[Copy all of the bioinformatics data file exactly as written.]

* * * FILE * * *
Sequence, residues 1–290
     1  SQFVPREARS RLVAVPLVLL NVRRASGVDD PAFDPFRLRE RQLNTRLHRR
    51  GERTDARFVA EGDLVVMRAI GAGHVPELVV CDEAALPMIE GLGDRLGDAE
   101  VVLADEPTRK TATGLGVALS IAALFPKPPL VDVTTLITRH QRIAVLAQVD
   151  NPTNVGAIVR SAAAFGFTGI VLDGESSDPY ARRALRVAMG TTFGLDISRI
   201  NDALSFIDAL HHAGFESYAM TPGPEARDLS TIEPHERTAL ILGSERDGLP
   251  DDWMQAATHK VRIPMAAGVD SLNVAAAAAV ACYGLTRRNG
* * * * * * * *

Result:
Sequence, residues 1–290
     1  SQFVPREARS RLVAVPLVLL NVRRASGVDD PAFDPFRLRE RQLNTRLHRR
    51  GERTDARFVA EGDLVVMRAI GAGHVPELVV CDEAALPMIE GLGDRLGDAE
   101  VVLADEPTRK TATGLGVALS IAALFPKPPL VDVTTLITRH QRIAVLAQVD
   151  NPTNVGAIVR SAAAFGFTGI VLDGESSDPY ARRALRVAMG TTFGLDISRI
   201  NDALSFIDAL HHAGFESYAM TPGPEARDLS TIEPHERTAL ILGSERDGLP
   251  DDWMQAATHK VRIPMAAGVD SLNVAAAAAV ACYGLTRRNG